Oracy: Developing great listening

Learning to talk involves developing a pupil’s listening skills as well as spoken language. Attentive listening is a skill without which there can be a complete breakdown in communication in the classroom. As teachers we must explicitly model and teach this to pupils.

Sinek says there are five types of listening. The minimum we should be aiming for is stage 4 attentive listening. At this stage we are listening to make sure that we understand the other person’s perspective. Stage 5, empathetic listening, implies we are listening from the other person’s perspective, from their frame of reference, seeing the world through their eyes. We are listening without judging the speaker.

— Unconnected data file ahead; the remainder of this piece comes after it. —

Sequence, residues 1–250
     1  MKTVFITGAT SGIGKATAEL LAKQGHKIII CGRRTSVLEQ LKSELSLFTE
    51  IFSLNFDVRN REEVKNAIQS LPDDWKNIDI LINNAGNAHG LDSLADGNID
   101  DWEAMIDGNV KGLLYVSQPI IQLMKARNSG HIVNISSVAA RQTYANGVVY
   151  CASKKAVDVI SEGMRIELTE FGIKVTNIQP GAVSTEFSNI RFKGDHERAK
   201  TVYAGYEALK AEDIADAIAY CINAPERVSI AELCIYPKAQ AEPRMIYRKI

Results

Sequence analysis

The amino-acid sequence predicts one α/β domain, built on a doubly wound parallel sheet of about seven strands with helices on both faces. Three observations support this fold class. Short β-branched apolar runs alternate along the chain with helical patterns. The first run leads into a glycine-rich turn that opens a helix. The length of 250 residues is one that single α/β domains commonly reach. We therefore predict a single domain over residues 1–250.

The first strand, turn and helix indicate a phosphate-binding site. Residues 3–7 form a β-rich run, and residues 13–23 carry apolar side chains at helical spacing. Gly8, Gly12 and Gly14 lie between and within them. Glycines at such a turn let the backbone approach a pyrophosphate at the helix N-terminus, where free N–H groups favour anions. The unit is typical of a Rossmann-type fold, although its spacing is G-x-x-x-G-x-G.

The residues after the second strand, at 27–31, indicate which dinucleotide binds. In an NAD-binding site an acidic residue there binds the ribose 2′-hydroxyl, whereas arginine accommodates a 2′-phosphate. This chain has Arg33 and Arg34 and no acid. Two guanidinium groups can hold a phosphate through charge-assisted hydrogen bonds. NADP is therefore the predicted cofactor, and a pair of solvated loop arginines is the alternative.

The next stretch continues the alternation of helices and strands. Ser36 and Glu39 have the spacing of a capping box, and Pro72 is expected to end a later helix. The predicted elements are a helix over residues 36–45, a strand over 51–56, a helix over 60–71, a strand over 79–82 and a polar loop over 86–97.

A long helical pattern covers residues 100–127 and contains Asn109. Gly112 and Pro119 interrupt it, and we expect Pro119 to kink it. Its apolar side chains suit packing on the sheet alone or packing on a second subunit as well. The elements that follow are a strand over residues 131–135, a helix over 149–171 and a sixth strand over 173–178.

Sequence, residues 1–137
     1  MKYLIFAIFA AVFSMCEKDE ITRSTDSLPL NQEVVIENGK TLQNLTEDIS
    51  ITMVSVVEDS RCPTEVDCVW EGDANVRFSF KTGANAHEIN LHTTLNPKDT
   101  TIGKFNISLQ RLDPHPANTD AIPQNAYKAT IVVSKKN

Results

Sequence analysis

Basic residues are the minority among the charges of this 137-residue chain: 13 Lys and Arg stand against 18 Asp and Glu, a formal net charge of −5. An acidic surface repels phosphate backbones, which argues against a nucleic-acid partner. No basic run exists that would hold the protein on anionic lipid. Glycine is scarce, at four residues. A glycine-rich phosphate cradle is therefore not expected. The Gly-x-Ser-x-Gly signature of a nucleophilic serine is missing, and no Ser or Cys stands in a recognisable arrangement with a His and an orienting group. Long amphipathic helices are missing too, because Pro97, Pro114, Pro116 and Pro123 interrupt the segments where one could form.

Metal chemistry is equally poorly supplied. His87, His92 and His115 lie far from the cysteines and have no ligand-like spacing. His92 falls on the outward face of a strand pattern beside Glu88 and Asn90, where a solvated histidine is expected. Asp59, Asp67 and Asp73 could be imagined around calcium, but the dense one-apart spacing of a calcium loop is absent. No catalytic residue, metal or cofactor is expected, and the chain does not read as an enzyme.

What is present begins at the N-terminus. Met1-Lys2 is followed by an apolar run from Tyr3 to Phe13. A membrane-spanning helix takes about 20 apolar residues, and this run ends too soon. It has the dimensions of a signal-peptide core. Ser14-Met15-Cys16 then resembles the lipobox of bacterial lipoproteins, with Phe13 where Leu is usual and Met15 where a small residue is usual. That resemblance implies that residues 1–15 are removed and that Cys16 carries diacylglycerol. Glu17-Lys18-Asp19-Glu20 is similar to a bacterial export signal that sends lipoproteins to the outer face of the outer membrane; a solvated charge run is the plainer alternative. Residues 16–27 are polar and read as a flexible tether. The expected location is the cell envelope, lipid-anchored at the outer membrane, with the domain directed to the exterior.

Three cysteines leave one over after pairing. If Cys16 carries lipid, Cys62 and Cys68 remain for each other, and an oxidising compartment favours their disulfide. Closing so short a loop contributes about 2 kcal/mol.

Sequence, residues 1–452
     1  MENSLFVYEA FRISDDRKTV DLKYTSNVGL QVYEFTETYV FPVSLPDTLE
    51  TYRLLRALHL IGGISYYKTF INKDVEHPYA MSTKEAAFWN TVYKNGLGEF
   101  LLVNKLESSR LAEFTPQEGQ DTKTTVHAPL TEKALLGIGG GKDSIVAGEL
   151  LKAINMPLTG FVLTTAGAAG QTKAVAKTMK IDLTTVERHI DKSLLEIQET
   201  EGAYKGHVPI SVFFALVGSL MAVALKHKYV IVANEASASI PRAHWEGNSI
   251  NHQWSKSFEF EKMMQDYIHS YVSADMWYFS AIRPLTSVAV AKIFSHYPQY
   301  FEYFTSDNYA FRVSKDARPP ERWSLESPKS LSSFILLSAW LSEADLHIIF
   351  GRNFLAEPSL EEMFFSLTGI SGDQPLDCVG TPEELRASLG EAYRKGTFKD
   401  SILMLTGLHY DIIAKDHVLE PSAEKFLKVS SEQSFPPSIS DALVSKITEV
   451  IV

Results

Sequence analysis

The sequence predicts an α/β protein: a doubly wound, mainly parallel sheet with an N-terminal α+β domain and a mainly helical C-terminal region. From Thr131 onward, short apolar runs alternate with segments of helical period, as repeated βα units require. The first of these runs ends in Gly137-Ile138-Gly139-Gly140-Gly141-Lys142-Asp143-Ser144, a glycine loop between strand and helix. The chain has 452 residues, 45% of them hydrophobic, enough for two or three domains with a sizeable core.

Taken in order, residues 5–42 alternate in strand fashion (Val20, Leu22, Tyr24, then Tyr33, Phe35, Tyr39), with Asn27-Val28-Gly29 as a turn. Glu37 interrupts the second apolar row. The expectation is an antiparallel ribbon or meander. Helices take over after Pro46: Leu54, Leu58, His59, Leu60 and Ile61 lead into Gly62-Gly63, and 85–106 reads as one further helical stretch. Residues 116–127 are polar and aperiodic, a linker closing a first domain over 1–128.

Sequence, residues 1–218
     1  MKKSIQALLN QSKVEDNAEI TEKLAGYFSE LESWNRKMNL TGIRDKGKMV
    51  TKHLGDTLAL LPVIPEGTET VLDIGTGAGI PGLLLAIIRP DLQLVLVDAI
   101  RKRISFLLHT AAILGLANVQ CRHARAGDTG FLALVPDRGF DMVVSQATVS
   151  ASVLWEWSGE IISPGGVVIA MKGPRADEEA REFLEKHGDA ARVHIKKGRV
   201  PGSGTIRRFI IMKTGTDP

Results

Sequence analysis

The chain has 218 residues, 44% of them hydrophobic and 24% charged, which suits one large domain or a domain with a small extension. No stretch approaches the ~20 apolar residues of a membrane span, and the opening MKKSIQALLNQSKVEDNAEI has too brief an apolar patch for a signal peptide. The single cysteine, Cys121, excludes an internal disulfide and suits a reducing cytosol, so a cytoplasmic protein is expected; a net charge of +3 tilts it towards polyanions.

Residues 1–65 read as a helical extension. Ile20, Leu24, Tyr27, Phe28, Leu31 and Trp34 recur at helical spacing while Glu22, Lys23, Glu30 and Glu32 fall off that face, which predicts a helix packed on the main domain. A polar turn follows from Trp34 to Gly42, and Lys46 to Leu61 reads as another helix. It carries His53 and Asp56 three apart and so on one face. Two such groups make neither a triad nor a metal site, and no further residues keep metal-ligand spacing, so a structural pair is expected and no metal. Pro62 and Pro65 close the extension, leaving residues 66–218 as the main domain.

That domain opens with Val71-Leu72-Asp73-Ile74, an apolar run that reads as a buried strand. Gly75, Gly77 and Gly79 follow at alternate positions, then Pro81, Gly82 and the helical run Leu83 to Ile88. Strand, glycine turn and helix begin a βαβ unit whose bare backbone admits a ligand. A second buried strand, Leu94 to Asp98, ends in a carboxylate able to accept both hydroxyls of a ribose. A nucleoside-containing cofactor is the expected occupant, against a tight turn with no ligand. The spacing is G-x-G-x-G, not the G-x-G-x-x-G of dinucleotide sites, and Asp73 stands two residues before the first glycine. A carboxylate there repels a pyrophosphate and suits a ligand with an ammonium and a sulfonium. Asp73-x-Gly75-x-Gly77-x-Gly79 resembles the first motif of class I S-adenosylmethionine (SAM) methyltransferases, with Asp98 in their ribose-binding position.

To model effective listening, teachers should try to:

  1. Demonstrate attention (physical body language, clarifying & summarising)
  2. Show curiosity and interest (“I love that. What made you think…”)
  3. Embrace silence and shut out distractions#

To teach effective listening, teachers should:

  1. Explain the why – “When we listen, we learn”
  2. Explain the how – physical body language, silence, curiosity, etc
  3. Ask pupils to summarise and elevate
  4. Get pupils to ask questions
  5. Celebrate great listeners!

Having explicit talk rules to convey this helps, as well as talk roles that require pupils to listen carefully in order to be able to respond with a specific perspective.

Here is a handout summarising strategies to develop great listeners.

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